Catlett's playing was said to be a combination of military and orchestra influences. He made good use of space in his playing and more
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importantly, he used pitch variation, or the melodic concept more than had been used previously. Sid was always a showman, and sometimes played commercial type solos, but he was also an exceptional musician who showed that a d rum solo could be a thing of beauty, as expressive as any other instrument. He made sparing use of the bass drum, also using it for explosions, which were echoed in the modern, or bop era. 34
Catlett was a major influence on many young drummers, including Kenny Clark, Shelly Manne, Max Roach, and Art Blakey.
One more important drummer to emerge during the Swing Era was Jonathan "Jo" Jones. Jones was born in Chicago in 1911, but worked in the Southwest, becoming a member of the Kansas City School of Style, which was an offshoot of the general Swing era.
Jones attained fame and noteworthy rank among jazz drummers as a member of the Count Basie Band. Jo emerged as a major innovator, both for his playing and for the lasting changes he made in the drum set.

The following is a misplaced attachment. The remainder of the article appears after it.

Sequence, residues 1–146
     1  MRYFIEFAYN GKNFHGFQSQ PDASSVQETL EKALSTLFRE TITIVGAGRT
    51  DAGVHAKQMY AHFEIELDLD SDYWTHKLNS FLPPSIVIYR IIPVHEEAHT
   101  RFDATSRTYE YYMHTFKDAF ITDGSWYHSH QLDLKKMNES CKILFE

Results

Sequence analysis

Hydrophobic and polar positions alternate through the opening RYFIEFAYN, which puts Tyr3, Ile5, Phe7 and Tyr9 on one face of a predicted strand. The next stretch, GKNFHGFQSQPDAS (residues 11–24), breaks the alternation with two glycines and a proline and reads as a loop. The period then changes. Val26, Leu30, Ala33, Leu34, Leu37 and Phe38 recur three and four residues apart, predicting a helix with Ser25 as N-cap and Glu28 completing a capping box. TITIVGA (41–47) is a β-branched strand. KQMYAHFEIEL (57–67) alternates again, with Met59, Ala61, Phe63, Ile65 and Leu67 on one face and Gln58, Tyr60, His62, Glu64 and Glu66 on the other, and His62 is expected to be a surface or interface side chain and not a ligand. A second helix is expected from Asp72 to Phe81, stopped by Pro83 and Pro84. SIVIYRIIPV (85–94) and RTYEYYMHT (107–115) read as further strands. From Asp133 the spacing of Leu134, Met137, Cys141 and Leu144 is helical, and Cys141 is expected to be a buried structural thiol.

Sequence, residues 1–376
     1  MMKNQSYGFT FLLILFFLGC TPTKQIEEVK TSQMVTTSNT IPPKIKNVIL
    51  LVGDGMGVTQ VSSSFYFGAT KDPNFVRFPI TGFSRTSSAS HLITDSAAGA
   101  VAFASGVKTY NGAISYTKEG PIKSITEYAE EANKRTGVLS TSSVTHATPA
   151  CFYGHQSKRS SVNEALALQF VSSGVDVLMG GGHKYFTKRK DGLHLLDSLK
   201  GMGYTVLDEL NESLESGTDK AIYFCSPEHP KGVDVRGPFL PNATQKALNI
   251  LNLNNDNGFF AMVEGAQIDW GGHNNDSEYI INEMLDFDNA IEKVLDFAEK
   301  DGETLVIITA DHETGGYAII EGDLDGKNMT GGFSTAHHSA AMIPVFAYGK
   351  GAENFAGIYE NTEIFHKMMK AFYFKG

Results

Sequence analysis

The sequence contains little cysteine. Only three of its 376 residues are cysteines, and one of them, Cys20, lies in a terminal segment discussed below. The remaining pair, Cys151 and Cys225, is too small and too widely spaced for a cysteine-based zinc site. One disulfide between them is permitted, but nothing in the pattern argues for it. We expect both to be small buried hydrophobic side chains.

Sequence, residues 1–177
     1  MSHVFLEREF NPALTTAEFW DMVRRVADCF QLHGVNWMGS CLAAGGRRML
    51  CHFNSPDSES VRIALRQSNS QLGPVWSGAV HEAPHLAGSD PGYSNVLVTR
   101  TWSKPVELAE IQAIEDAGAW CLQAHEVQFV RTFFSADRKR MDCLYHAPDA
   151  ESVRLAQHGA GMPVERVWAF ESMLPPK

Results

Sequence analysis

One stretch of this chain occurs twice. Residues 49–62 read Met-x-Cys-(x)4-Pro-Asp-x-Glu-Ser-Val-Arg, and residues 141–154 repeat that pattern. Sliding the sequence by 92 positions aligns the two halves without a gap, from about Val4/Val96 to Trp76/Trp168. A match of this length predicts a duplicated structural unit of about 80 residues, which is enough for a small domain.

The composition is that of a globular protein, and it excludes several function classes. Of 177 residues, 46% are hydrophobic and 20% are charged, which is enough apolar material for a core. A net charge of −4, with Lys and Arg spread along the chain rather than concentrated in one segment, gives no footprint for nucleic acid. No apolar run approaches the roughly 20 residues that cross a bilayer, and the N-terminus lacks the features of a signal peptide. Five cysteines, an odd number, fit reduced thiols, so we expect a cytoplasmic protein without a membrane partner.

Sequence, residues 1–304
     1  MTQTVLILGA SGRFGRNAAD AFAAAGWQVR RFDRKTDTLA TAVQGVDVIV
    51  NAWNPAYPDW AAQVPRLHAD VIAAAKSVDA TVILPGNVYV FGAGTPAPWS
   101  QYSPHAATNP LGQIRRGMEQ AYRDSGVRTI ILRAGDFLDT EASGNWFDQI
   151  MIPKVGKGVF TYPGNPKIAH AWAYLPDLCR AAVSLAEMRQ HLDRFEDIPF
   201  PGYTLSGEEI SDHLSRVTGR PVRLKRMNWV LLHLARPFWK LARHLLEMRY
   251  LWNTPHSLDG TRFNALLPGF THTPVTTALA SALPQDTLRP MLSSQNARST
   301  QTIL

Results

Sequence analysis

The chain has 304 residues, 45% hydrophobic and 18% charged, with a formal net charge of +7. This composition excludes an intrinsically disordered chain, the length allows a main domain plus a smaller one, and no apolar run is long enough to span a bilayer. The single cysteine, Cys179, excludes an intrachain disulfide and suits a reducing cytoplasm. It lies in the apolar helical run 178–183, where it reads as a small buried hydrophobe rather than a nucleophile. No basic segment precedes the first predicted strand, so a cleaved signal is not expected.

Jones discarded many of the accessories used by drummers previously, such as woodblocks, gourds, cowbells, and chinese cymbals and tom- toms. He reduced the size of the bass drum, and most importantly, he used the hi-hat cymbal as it had never been used before. 3s Previously it had been used simply to mark after-beats. Jo developed it into an
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Jo Jones (Slade) Sidney Catlett instrument of surprising tonal and rhythmic variety, and it became the most important instrument in his set. This brought a new sound to jazz drumming, and it fitted right into the supple cross-rhythms and flowing 4/4 beat of the era.
Jones' playing showed strong orchestral influence, as did Catletts'. Jones injected relaxation, tolerance, humor, impeccable taste, and dynamic swing into his playing. He had the ability to inspire the whole band with a simple, but perfectly placed figure, and his use of the hi-hat has never been matched. He was also a master of wire brush playing, and was a group player, not given to displays of virtuosity.